I guess it was what Dean was
waiting for because in what seemed like in a flash he came up with the aluminum
bat he must have hidden in the grass and started to give the downed black man several
blows to the head and chest. Jeremy had started to kick Sam with his steel-toed
biker boots to his midsection. Dean switched over to hitting Sam on the legs
with his bat. The downed man tried uselessly to protect himself. Using his
bloodied hands he tried uselessly to block the blows to his head. Sam rolled
first one way and then the other using his legs to kick at the boys. This must
have angered Jeremy for he put a quick end to it with one fierce kick to Sam’s
groin. At first, Sam protests were coming
as loud screams, pleading to the boys to stop, but slowly the yells turned into
pathetic whimpers, and then soft moans. I felt every blow from the kicks, every
thud as the bat came down. My stomach turned as I felt my lunch coming up. I
looked over to Will and saw he had closed his eyes, holding his head close to
the ground fighting hard not to bury his face into the dirt. Justin stared,
gripping hard at tufts of grass with each hand, he gritted his teeth with every
strike. And Eugene, poor Eugene, he just whimpered softly.
We heard the thump and crack
like the hit a softball at a kid’s game, except this wasn’t a game. Sam stopped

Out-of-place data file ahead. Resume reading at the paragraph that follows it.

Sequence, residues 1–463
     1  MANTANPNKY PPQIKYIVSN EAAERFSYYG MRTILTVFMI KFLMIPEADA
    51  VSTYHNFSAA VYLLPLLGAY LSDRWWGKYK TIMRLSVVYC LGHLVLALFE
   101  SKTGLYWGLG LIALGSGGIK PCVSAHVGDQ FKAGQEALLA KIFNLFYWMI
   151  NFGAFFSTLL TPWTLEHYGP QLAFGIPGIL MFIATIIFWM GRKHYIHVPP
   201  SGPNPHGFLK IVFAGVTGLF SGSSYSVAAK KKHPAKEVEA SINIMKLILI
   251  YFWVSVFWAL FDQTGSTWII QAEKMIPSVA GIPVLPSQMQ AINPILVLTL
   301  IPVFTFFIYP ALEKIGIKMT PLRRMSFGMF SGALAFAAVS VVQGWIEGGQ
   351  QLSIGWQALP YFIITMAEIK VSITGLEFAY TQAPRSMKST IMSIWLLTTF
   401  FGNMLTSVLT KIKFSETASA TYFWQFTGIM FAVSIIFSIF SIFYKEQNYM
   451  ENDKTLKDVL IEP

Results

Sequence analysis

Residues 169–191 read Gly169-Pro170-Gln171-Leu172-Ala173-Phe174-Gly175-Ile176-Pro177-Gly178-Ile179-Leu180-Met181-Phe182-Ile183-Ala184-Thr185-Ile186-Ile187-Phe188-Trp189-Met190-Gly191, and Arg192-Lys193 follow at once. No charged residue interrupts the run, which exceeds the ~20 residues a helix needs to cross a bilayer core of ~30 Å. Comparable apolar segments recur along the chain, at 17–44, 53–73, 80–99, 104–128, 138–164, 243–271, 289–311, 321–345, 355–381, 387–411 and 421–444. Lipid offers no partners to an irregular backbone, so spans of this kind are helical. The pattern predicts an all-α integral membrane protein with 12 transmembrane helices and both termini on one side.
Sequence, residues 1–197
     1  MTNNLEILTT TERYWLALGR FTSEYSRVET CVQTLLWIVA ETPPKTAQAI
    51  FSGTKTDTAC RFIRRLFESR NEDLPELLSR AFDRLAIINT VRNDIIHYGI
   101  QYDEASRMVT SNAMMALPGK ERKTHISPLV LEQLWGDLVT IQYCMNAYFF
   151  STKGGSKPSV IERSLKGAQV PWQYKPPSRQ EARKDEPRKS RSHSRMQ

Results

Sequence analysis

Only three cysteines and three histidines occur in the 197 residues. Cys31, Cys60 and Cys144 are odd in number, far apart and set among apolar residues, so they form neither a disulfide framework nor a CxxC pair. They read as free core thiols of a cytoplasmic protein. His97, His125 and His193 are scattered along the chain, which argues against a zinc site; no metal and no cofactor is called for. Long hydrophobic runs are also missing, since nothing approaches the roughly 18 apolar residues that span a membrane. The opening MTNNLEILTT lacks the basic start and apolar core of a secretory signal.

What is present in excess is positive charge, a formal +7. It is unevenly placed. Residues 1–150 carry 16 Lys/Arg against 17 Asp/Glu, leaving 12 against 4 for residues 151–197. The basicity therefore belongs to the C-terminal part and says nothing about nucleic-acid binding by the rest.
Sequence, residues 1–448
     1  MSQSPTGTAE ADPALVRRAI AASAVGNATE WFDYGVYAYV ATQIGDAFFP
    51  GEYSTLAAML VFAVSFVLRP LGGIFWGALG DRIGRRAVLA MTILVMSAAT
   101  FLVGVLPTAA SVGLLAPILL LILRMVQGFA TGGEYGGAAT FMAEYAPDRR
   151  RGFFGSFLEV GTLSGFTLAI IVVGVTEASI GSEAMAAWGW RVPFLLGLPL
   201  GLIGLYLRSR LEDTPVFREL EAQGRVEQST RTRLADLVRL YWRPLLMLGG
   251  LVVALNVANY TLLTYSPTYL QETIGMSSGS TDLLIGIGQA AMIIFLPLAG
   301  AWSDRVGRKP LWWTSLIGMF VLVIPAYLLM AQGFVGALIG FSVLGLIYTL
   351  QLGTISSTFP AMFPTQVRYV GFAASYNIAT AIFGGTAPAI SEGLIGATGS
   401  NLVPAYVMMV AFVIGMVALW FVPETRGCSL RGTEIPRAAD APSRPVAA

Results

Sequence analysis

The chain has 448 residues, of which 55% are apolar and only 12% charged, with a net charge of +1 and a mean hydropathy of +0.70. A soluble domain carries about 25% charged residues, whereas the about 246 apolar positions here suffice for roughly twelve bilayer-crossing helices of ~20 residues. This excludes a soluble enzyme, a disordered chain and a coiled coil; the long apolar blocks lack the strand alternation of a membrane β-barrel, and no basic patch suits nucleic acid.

struggling. Jeremy, out of breath from all the exertion, stopped kicking and
reached out to hold Dean in mid-swing. They were both out of breath as they
looked down at the broken body of the black man. From the brush, I followed the
slow gurgle of each breath going as it went in and out, each one shallower than
the one before until I couldn’t hear them anymore.
Then we got up and ran out of
We ran as fast as our legs
could carry us. We ran without looking down at the path in front of us. Will
tripped over a tree root, recovered, and continued. Justin ducked and weaved
trying unsuccessfully to avoid the branches hitting his face. For a moment I
thought I heard someone yelling at us, maybe Dean, maybe Jeremy, I didn’t know.
I didn’t want to look back and find out. All I was worried about was whether
the Sherman brothers saw who was running away and if they were going to catch
us. If they did see us, who did they actually see? Did they see me? Justin, or
Will? Was Eugene keeping up or did they
catch him already? The fence looked so far away and the other side of the
highway a million miles further. But we made it to the fence, even Eugene, and
Justin quickly pulled the opening to the side and held it as the rest of us got
through. Then we continue running. I didn’t know if Justin made it through until
we got to the other side of the highway, across the McDonald’s parking lot, and
behind the gas station next to it. When we got there I bent over and heaved
everything that was in my stomach.